The Tantrum, Part 1: Why Can’t Jews Just Ignore Santa?

November 30th, 2010  |  by  |  Published in The Tantrum  |  6 Comments


So I was walking JP home from his mother’s last night, and as is his usual pattern, he was trying to hit me up for a toy at each gumball machine we passed. He gets his way with this about once a week, which is a pretty high ratio, I think. Last night was a no night, which led to a discussion about why he never gets gifts (he does), when said gifts will arrive (I made the mistake of saying he had to wait for Hanukkah, when gifts would rain from the sky), which opened the door to a further discussion about how come we don’t have a Christmas tree like he does at his mother’s, which required me to explain that we do Hanukkah at my house, with its fun candles and stuff, which ended up in … a blank stare.

Don’t get me wrong—JP likes lighting things on fire as much as the next kid, and he knows that eight days of gifts is better than one. But he really has no idea what Hanukkah is, which makes sense, as I really have no idea what it is, other than the time of year where we have to make lame rationalizations about the pleasures of lighting things on fire and the surplus benefits of eight days of gifts while the entire country goes apeshit over a pagan demigod breaking into their fucking homes and stealing their cookies.

Problem solved! Fuck the goyim and their silly holidays of commercial excess. I’m going to stick with my potato pancakes and world-weary ethnic bitterness. It’s better that way. I will know where the finer Chinese restaurants are, and the Christians will have to make due with candy canes.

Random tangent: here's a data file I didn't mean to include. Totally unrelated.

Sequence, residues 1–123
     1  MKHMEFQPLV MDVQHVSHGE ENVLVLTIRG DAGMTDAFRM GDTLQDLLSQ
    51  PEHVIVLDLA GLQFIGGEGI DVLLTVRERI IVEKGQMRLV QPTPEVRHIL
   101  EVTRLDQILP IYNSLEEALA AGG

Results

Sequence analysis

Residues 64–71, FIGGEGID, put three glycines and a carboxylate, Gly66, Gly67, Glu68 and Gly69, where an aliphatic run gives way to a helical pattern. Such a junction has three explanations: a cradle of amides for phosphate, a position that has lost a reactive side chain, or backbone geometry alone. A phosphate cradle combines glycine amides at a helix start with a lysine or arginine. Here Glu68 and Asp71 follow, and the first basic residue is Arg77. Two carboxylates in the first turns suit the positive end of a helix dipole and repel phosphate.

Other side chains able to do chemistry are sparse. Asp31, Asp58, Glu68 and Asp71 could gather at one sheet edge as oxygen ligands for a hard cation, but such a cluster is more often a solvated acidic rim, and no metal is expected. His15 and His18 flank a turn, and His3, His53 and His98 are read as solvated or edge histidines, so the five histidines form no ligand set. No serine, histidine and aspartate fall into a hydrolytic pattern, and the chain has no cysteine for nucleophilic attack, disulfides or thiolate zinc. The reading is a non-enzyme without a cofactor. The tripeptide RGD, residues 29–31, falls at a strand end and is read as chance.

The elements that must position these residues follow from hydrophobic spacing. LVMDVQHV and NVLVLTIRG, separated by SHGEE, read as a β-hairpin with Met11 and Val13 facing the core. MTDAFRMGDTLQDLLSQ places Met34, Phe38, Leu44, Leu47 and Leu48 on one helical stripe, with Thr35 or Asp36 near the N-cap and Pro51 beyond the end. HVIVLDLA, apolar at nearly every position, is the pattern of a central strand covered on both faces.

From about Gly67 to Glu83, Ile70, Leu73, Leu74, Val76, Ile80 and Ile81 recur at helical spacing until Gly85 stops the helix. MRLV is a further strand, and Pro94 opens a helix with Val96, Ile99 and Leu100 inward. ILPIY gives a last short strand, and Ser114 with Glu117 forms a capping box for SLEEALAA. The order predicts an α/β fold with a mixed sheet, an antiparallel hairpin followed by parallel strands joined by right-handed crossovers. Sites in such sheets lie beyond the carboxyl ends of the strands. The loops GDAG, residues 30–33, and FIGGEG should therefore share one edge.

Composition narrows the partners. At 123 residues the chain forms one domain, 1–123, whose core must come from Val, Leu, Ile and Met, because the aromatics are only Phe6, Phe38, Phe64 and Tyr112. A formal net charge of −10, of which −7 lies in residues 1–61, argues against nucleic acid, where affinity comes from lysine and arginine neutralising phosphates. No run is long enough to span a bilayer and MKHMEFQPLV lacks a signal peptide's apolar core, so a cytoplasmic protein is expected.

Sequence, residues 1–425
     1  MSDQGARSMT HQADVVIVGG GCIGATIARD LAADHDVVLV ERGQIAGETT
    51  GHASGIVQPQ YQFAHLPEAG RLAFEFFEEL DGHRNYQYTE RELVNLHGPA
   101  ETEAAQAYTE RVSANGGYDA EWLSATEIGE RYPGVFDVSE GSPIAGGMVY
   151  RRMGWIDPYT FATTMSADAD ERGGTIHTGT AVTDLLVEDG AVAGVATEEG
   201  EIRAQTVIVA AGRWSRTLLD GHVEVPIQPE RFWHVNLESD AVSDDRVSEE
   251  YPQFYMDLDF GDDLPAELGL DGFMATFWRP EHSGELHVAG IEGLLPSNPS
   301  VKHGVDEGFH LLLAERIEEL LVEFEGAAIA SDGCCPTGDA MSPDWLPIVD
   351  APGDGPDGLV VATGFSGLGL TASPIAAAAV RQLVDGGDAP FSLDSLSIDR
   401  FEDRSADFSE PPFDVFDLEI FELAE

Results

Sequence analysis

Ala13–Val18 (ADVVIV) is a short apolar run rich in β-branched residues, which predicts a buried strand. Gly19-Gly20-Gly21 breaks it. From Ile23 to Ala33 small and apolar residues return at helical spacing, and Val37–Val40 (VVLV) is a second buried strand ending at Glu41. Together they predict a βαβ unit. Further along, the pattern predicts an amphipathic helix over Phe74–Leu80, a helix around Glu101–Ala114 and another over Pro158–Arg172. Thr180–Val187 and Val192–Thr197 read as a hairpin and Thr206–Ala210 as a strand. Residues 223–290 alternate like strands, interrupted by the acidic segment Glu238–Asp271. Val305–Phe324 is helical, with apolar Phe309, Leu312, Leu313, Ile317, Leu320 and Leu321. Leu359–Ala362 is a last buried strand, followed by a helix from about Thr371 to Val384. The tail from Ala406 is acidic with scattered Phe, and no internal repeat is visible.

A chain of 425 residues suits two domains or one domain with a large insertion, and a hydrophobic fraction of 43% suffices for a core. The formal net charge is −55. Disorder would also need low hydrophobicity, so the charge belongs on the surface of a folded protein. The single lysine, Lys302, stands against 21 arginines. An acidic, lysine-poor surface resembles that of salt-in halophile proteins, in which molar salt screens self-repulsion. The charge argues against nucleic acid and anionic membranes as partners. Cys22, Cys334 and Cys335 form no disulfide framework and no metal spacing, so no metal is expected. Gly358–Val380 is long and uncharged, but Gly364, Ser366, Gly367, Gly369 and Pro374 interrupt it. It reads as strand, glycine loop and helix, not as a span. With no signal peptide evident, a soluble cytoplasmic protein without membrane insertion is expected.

The real issue, though, is that JP will be learning about Xmas over at his mother’s house, and let’s be honest—Hanukkah can’t really compete. Christmas is too much, it’s too popular, too successful—it’s the Grinch that stole my Jewish Christmas. I can try to ignore it, but what good will it do? There’s lights everywhere! Before Halloween is even over!

Do I want, then, to actively undermine Christmas in JP’s mind? Do I tell him that Santa is not only not real but a little bit of a perv? And a drunk? And that the reindeer get nothing in the whole deal? Or do I do what divorced parents always have to do—accept that things don’t work perfectly, do the best I can, and make sure we have a good time anyway.

What do you think?


  1. Jack says:

    November 30th, 2010at 11:56 am(#)

    Tell him that the Red Rebbe is a fat slob who got his ass kicked by me.

    On a serious note, there is no competition here nor a need to position it so. The significance/importance of the holidays do not match up.

    Chanukah is a minor holiday for us MOTs. I taught my kids to be happy with who and what they are. And that it is ok to help our Christian friends celebrate it at their homes.

    It has worked out quite nicely.

  2. Jen says:

    November 30th, 2010at 12:42 pm(#)

    As a Christian, I COMPLETELY AGREE WITH YOU. Christmas is an over commercialized holiday. By the beginning of November, I’m already sick of Christmas!

    We don’t do the “Santa thing”. I mean, do I really want my 3 year old daughter looking forward to sitting on a smelly old man’s lap so she can tell him all the toys she wants (but probably won’t get), then let her believe he’s WATCHING her when she’s sleeping, then he breaks into our house eats our food and drinks our milk? Any other person would be labeled a pervert or pedophile…oh but not Santa…he’s “saint-like”.

    Shoot, Jesus wasn’t even born in December! “Christmas” was put in December to coincide with the Winter Solstice. And what the heck does a pine tree have to do with the birth of Jesus anyway? Oh, that’s right, it doesn’t!

  3. Matt's mom says:

    November 30th, 2010at 1:48 pm(#)

    Our problem was solved when one of Matt’s kindergartern friends saw that we didn’t have a chimney–actually, we had one (for the furnace) but no accompanying fireplace–and concluded that Santa couldn’t come into our house.

  4. Cheri says:

    December 2nd, 2010at 3:22 pm(#)

    maybe you should find out more about what Hanukkah is and then you’ll have more of an answer for him. Kids can have pride in their own traditions and still find others attractive!


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